AbstractSalmon farming is a major industry in many Scottish sea lochs. Although the impact of salmon farming and pathways of several farm wastes have been studied extensively, there has been little research into the fate of metals originating from fish farms. This thesis investigates the influence of salmon farming on sediment biogeochemical conditions, with particular reference
to the cycling, interactions, and effects of metals in farm sediments of Scottish sea lochs.
Scottish sea lochs are fjordic systems, and have a defined set of physical processes occurring within them that depend on topographical characteristics of the sea loch and the influence of external forces. The most common definition of a fjord, also know as a sea loch, is “a deep, high-latitude estuary which has been (or is presently being) excavated or modified by landbased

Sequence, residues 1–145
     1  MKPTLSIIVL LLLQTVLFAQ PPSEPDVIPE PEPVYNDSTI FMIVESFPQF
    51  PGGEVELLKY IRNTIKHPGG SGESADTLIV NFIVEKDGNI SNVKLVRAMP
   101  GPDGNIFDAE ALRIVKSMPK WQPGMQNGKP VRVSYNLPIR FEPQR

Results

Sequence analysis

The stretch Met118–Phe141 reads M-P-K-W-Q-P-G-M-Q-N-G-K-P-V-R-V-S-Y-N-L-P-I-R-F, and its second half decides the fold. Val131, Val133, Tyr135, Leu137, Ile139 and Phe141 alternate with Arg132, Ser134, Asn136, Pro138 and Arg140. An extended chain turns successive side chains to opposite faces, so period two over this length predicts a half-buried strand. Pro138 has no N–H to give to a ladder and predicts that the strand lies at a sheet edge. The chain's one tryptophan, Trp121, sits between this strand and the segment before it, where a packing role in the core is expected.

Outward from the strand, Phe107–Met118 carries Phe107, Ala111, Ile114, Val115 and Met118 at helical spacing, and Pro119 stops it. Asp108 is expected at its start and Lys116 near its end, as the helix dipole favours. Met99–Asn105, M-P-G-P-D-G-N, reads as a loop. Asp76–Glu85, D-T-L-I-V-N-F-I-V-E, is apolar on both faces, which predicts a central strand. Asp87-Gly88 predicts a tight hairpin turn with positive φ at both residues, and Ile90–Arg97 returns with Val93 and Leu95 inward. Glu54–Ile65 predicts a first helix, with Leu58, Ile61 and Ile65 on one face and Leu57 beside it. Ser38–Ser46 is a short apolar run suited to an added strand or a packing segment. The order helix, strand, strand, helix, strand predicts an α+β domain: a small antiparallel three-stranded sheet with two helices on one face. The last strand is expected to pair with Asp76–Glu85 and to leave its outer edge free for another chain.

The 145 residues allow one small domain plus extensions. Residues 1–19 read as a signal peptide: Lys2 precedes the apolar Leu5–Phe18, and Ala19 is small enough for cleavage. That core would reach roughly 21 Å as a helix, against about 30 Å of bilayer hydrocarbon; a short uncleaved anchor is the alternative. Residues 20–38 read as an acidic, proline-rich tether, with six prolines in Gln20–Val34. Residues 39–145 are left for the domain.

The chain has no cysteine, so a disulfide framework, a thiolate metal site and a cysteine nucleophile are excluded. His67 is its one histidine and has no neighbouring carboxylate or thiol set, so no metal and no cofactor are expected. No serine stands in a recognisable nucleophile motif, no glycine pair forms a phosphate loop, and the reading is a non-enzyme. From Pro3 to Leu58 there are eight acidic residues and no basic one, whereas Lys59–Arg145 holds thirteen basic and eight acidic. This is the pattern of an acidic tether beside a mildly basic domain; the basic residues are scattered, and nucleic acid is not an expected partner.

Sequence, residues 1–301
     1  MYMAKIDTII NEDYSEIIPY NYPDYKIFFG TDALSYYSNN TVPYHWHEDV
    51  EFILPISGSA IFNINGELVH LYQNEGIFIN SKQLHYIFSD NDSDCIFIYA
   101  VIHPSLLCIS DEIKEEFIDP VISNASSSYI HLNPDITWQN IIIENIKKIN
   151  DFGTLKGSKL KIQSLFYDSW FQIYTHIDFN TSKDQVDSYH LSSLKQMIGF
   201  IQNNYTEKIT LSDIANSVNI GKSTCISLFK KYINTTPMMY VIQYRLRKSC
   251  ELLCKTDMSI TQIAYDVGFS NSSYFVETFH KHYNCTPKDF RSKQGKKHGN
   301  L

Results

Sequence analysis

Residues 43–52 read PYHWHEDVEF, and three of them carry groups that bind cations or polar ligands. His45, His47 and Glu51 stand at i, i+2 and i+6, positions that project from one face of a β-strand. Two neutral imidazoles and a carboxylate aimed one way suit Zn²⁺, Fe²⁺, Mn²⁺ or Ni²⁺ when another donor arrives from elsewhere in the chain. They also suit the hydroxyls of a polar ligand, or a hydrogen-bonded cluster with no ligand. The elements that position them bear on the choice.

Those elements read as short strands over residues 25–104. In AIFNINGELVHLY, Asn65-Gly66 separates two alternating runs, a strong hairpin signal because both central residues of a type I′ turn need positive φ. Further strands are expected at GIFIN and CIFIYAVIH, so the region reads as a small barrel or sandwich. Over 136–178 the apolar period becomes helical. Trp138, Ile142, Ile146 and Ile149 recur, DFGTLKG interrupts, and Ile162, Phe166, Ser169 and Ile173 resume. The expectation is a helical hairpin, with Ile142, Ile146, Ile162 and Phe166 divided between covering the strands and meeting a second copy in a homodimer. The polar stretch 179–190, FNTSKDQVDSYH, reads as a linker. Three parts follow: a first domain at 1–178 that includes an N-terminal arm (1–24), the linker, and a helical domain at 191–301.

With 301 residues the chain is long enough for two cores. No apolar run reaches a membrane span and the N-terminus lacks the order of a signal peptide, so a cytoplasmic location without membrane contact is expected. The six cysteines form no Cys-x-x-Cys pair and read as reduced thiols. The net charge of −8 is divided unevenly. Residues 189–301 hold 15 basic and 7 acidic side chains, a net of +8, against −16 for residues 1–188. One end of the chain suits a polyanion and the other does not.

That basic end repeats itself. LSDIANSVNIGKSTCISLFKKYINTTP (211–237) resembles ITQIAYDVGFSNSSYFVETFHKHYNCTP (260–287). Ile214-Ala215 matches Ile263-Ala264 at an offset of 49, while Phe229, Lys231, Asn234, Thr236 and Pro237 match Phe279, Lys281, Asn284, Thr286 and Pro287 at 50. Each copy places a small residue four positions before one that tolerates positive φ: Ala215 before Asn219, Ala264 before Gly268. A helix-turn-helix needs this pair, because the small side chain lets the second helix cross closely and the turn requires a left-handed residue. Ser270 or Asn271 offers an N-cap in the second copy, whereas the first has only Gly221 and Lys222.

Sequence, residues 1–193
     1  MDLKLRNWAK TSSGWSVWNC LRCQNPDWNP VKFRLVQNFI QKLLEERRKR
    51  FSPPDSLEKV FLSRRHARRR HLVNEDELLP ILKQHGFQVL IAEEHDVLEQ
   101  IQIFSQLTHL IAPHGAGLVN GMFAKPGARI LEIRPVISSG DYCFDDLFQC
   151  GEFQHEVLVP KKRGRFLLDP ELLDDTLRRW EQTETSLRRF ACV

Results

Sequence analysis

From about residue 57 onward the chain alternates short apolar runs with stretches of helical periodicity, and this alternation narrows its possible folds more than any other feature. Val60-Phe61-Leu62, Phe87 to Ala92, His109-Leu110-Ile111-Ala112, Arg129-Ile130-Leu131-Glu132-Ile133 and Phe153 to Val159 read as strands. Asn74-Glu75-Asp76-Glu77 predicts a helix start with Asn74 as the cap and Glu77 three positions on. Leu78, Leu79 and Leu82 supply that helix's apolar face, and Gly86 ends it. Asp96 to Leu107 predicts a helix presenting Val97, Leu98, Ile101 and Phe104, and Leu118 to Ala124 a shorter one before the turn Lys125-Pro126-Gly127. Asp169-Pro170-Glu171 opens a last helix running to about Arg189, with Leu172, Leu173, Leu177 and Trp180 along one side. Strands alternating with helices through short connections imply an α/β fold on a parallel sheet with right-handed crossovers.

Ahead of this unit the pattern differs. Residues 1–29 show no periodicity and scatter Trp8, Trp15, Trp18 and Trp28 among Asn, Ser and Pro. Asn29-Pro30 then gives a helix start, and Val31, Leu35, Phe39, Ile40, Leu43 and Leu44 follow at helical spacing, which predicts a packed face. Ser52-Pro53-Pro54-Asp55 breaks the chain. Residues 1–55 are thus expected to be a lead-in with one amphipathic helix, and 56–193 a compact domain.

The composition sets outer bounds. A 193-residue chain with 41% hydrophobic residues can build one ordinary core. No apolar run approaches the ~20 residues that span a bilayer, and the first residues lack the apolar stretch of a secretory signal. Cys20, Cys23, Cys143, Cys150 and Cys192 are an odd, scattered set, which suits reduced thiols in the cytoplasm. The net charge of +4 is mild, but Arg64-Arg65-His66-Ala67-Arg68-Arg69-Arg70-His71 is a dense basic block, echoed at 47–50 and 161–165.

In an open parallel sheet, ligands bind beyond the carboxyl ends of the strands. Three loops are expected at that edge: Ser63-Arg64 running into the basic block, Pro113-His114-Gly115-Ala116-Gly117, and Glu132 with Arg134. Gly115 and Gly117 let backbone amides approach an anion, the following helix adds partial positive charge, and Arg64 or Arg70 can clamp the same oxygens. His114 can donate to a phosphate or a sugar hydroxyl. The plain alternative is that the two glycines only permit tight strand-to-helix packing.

ice” (Syvitski et al. 1987). The established opinion of their origin is that fluvial action along fault lines allowed subsequent glaciers to follow this path of least resistance, leading to major excavation (Skei et al. 2003). Fjords are found in all northern and southern regions of the earth that were once ice-covered, but this review will focus on the sea loch (fjordic) systems of western Scotland.
|Date of Award||24 Nov 2005|
|Supervisor||Kenny Black (Supervisor) & Tracy Shimmield (Supervisor)|